By Chet Yarbrough
Written by: Martin Gardner, James Randi
Narration by: David Marantz
To the general public, Martin Gardner is not a household name. “Undiluted Hocus Pocus” is a brief biography of Gardner who is known by a wide variety of famous and obscure artists, mathematicians, magicians, puzzle makers, and scientists. Unless one subscribes to “Scientific American”, practices magic, or likes to make or solve puzzles, he/she will likely not have heard of Martin Gardner. He died in 2010 at the age of 95.
“Undiluted Hocus-Pocus” is not a great biography but it is an introduction to a fascinating man who grew up in Oklahoma, graduated from the University of Chicago (with a degree in Philosophy), entered the Navy as an enlisted man during WWII, and made a living as an author. He wrote magazine articles for children’s magazines in his early career. Later, Gardner surprisingly wrote about science, mathematics, magic, and puzzles. The surprise is because Gardner never formally studied mathematics or science.
Gardner is a lifelong fan of Lewis Carroll and G. K. Chesterton with a penchant for Sherlock Holmes mysteries. Gardner annotated editions of G. K. Chesterton’s works and is considered a leading authority on Lewis Carroll’s works. Gardner is also known as a great admirer of L. Frank Baum’s Oz books. Gardner became the founding member of the “International Wizard of Oz Club”. He wrote a number of books. However, he became best known for his “Scientific American” articles about mathematics, puzzle making, magic, and junk science criticism.
“Undiluted Hocus-Pocus” is more a name-dropping walk through Gardner’s life than an insightful biography. Gardner is in his 90s when the book is published. One presumes James Randi, a retired stage magician who wrote the forward and epilogue, discussed its completion with Gardner. Some of the famous people who Gardner mentions are Salvador Dali, Carl Sagan, S. I. Hayakawa (a famous linguist), and Isaac Asimov.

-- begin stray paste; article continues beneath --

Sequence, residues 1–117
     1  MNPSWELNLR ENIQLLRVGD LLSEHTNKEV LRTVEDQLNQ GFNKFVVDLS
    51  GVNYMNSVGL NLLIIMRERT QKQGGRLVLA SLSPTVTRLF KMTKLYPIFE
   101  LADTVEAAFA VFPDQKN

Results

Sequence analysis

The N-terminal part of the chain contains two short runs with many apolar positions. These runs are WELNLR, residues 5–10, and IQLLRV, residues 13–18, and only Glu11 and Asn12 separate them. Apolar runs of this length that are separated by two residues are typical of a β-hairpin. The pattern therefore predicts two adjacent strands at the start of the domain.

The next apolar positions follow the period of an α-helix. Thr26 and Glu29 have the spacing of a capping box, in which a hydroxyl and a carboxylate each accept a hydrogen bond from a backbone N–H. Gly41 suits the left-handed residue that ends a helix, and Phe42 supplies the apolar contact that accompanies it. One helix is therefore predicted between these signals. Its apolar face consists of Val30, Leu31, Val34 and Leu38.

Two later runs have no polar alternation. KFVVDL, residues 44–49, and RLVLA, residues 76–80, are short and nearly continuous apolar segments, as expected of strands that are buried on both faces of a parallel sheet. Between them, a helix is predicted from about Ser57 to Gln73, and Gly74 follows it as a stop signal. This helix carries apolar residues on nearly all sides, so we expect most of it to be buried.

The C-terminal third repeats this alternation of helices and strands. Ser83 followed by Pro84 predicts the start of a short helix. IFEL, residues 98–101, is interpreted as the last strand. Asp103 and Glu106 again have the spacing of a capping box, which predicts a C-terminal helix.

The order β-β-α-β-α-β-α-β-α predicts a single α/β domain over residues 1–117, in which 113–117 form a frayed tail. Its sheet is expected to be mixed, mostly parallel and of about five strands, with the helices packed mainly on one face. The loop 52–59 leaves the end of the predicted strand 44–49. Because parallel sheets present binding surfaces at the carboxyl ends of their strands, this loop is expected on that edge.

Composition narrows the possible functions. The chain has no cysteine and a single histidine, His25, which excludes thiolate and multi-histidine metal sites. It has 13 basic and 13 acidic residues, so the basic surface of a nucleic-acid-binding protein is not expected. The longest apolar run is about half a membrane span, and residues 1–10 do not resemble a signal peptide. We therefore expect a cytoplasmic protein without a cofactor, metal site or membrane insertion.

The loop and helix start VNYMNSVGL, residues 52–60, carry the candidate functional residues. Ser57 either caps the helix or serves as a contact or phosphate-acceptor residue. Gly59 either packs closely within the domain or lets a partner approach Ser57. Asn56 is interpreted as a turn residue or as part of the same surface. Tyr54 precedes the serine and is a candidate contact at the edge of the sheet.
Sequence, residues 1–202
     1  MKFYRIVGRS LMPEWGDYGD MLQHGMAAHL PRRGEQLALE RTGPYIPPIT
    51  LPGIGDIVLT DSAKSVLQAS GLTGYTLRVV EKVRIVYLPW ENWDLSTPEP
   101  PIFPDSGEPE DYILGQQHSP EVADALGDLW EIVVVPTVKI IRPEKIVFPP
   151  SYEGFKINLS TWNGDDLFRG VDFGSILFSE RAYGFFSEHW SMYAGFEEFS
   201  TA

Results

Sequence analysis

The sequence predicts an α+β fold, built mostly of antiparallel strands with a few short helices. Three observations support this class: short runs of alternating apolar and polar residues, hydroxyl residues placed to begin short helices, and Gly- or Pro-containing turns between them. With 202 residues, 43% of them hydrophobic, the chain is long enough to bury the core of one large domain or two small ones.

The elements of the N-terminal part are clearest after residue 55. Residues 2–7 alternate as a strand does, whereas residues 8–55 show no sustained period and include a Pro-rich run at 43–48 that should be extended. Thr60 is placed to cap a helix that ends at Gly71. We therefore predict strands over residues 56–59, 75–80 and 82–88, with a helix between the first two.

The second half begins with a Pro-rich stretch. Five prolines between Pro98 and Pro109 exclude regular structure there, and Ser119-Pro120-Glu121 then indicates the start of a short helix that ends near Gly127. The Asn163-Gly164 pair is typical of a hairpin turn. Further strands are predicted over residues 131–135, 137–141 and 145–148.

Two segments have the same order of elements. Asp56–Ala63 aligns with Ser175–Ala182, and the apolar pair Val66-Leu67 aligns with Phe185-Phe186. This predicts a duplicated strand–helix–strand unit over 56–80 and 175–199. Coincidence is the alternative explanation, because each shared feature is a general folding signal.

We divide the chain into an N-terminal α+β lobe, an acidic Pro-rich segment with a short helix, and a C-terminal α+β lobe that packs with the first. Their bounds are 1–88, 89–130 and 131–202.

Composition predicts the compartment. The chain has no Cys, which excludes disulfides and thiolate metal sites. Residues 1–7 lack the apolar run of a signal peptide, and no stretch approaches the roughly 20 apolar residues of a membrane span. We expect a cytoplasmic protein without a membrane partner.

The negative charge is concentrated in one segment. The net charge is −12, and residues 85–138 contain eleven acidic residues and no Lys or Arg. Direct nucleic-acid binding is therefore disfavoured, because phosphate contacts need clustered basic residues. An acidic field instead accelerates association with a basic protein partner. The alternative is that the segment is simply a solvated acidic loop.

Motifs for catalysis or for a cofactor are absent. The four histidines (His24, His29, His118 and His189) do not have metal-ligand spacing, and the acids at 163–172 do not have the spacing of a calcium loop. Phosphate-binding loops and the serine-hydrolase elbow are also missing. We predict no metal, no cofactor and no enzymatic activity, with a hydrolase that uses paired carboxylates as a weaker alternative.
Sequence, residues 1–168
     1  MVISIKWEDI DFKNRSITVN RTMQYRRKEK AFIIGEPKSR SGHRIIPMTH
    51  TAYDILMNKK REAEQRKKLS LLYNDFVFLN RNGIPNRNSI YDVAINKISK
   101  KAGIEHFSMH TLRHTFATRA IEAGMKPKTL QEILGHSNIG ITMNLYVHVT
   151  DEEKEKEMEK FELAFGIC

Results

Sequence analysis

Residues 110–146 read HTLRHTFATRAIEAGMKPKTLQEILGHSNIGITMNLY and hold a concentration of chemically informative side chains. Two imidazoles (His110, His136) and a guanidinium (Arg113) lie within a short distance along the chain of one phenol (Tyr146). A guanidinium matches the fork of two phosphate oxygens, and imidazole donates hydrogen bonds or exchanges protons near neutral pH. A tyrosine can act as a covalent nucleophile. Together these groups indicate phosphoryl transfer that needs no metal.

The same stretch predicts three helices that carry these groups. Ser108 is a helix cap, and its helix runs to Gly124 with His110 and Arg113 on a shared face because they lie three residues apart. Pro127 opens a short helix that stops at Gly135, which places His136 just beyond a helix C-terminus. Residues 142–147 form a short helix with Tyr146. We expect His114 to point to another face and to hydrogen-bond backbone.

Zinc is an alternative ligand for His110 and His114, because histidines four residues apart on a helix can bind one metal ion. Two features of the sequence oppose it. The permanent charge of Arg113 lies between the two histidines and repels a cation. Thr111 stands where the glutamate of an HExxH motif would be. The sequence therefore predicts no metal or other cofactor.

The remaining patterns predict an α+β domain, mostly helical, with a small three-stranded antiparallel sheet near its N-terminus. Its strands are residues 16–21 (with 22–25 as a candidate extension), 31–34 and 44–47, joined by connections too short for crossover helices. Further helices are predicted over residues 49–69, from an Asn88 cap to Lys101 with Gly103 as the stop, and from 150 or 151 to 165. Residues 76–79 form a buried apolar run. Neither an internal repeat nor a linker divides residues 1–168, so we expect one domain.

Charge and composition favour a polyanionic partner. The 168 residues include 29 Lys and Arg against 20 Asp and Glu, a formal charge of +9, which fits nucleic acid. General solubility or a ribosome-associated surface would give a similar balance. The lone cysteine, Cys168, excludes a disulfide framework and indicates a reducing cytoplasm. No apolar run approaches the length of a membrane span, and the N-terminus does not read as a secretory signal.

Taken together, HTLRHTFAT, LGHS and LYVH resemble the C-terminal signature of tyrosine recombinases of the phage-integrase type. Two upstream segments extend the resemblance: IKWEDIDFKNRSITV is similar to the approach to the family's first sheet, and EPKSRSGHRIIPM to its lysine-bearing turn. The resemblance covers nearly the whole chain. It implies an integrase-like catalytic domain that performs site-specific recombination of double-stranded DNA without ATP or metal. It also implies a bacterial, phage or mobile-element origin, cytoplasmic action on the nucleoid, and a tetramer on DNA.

A chapter by Gardner about modern art reveals a very skeptical view of Paul Klee’s geometric forms, Jackson Pollock’s dripped paint, and the astronomical prices ($151.2 Million paid for a Pollock painting in 2006) paid for abstract art.
Gardner is humble about his grasp of mathematics and acknowledges that much of what mathematicians try to explain to him is beyond his understanding. Gardner’s self-effacement is surprising considering the twenty plus years he writes for “Scientific American”. A part of Gardner’s life story is about exposing suspect religious movements like Scientology. Gardner also attacks the psychic charlatan, Uri Geller, as a false spoon-bender and seer.
Interestingly, Gardner believes in God as a matter of faith. Gardner is raised as a Methodist and his wife as a Jew, but neither appears to believe in either church or synagogue. Gardner believes in evolution and criticizes belief in Bible’ truth. Though not an adherent of Thomas Nagel’s atheism, Gardner believes the essence of humanness is consciousness; i.e. Nagel’s philosophical view of human life. Both Nagel and Gardner, according to Gardner’s biography, belong to what is called a mysterian philosophy which believes that the prime creator of life is, and will always be, beyond the comprehension of human consciousness. Gardner believes in “God” in the only way he and Nagel believe science and human consciousness allow; i.e. by a leap of faith.
If a listener has never heard of Martin Gardner, “Undiluted Hocus-Pocus” is a worthy introduction but more like a memoir than a biography.